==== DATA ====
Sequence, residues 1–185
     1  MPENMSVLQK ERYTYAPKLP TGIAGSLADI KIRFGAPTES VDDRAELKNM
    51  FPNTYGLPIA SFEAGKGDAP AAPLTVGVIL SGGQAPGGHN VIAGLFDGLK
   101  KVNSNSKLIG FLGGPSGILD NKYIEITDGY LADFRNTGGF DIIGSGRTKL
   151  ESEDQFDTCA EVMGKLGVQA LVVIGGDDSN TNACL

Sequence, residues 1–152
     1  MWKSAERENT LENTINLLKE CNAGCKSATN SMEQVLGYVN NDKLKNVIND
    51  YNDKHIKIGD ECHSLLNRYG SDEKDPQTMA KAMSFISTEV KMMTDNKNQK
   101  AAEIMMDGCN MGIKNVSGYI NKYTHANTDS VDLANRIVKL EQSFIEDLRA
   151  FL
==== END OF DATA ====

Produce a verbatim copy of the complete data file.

Sequence, residues 1–185
     1  MPENMSVLQK ERYTYAPKLP TGIAGSLADI KIRFGAPTES VDDRAELKNM
    51  FPNTYGLPIA SFEAGKGDAP AAPLTVGVIL SGGQAPGGHN VIAGLFDGLK
   101  KVNSNSKLIG FLGGPSGILD NKYIEITDGY LADFRNTGGF DIIGSGRTKL
   151  ESEDQFDTCA EVMGKLGVQA LVVIGGDDSN TNACL

Sequence, residues 1–152
     1  MWKSAERENT LENTINLLKE CNAGCKSATN SMEQVLGYVN NDKLKNVIND
    51  YNDKHIKIGD ECHSLLNRYG SDEKDPQTMA KAMSFISTEV KMMTDNKNQK
   101  AAEIMMDGCN MGIKNVSGYI NKYTHANTDS VDLANRIVKL EQSFIEDLRA
   151  FL